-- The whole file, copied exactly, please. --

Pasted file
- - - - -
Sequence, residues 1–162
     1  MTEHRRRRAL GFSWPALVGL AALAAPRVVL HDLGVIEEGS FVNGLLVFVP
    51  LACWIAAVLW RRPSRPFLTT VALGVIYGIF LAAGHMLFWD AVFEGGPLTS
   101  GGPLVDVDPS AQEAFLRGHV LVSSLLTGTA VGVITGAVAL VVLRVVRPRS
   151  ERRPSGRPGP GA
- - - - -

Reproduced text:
Sequence, residues 1–162
     1  MTEHRRRRAL GFSWPALVGL AALAAPRVVL HDLGVIEEGS FVNGLLVFVP
    51  LACWIAAVLW RRPSRPFLTT VALGVIYGIF LAAGHMLFWD AVFEGGPLTS
   101  GGPLVDVDPS AQEAFLRGHV LVSSLLTGTA VGVITGAVAL VVLRVVRPRS
   151  ERRPSGRPGP GA